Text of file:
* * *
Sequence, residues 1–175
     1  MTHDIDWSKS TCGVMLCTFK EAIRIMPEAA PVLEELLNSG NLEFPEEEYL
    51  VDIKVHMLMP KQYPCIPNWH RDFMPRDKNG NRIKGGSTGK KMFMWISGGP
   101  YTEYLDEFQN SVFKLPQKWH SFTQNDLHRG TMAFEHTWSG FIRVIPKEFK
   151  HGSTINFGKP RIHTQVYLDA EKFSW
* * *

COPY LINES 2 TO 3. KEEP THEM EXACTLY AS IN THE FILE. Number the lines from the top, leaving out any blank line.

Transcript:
     1  MTHDIDWSKS TCGVMLCTFK EAIRIMPEAA PVLEELLNSG NLEFPEEEYL
    51  VDIKVHMLMP KQYPCIPNWH RDFMPRDKNG NRIKGGSTGK KMFMWISGGP